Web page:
Some time ago I produced an application that worked out the power-frequency spectrum of a user-chosen section of a sound file. The application is called !TrackTrans and a copy accompanied an earlier article in this series. It worked by the process known as Fourier Transformation. However, if you have used it you will know that the application takes some time to work out the full spectrum. This is because is uses a simple – but slow – method to do the calculation.
The ‘slow’ method has some advantages. For example, it is easy to understand, and to write a computer program which can be studied or modified. However most serious computations of the spectrum of a signal tend to adopt ‘Fast Fourier Transform’ (FFT) methods which – as the name indicates – are much quicker. So I decided it was about time I produced such a ‘fast’ application, which I have duly now done, and have named !TrackFFT. A copy of this should be available in the usual manner, and you can make use of it as you wish.
The way you set up and use this new application is essentially the same as for !TrackTrans, so I won’t repeat the previous explanations of how to do this. If you wish to find out, the information is in a Help file inside the applications, and has been described in previous articles. What I will do is to discuss the main differences in use between the FFT and slow transforms and the effects they have on the results you get.
!TrackTrans loads a chunk of sound data that contained 2205 samples for each stereo channel. This corresponds to 50 milliseconds for CD Audio data. However !TrackFFT loads 8192 samples per channel, corresponding to just over 180 milliseconds of audio. This is because FFTs generally have to operate with numbers of samples that are an integer power of two. 8192 is 213, so is OK for an FFT, but 2205 won’t fit this requirement. This change has one significant effect on the results. Fourier Transformation to generate a general spectrum works on the basis of choosing a series of frequencies which all have an integer multiple of cycles in the duration of the chosen chunk of samples. For 2205 samples (50 milliseconds) this means the resulting spectrum will be specified in terms of the power levels at dc (zero Hz), 20Hz, 40Hz, 60Hz, 80Hz, etc. i.e. at multiples of 1/50ms. But using 8192 samples per channel we now have a basic frequency of 44100/8192 = 5·3833... Hz. So the frequency components in our spectrum will be at integer multiples of this value. In fact, there are a variety of types of computational method which can be called an FFT, and there are some ways around this problem. But they make an already complicated and hard to understand program even more complicated, and also tend to slow things down. So in general, people just use one of the optimal forms of FFT and accept this tends to lead to awkward frequency scales.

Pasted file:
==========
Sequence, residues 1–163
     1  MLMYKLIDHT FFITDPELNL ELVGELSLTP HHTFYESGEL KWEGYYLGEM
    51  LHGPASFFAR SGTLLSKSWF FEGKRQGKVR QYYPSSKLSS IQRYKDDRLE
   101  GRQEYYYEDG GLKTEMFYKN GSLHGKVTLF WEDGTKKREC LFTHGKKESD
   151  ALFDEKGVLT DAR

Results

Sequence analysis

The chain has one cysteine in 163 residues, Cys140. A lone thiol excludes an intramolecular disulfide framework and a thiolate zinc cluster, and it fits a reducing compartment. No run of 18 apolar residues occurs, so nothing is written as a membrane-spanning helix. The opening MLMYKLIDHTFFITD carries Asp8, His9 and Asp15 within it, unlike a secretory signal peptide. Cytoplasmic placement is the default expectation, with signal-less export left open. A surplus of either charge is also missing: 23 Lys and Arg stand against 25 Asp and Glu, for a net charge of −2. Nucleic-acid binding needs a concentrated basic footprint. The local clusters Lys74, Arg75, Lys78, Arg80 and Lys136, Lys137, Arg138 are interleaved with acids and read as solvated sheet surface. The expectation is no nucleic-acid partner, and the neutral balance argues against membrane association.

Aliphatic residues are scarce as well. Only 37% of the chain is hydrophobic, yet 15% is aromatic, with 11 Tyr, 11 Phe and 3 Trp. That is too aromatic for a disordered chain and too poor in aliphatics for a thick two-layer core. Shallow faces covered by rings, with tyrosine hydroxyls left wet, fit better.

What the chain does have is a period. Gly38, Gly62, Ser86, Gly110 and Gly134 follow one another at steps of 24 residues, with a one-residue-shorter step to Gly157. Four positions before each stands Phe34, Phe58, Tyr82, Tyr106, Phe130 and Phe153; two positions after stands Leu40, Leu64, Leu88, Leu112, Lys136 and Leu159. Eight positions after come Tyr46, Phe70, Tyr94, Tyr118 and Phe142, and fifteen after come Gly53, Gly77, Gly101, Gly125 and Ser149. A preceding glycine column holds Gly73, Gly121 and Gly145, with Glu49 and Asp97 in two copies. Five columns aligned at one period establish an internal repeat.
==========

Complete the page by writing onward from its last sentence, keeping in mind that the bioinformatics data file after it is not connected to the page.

I am not even going to try to explain all the details of how an FFT works as understanding them can be a nightmare! But I will try to outline the basic ‘tricks’ involved. To do this I will also explain the idea behind Fourier analysis. Lets start with the arrangement illustrated in Figure 1.
This shows two graphs. The upper graph plots two patterns. The solid (blue) line represents an input signal waveform, and the broken (red) line a ‘test sinewave’ of a chosen frequency. In this case the input signal happens to be a sinusoid of the same frequency and phase as our ‘test sinewave’. The analysis works by multiplying the two patterns together on a sample-by-sample basis and adding up the results of these multiplications. The result in this case is shown by the solid (black) like in the lower graph of Figure 1.
Now in this case the two waveform shapes are the same, although the input signal has a larger amplitude. This means that whenever an input sample is positive, so is the corresponding sample from the test sinusoid, and if one is negative, so is the other. The consequence is that each multiplication produces a positive result (or zero). So if we add all the results from the sample-by-sample multiplications we get a positive result.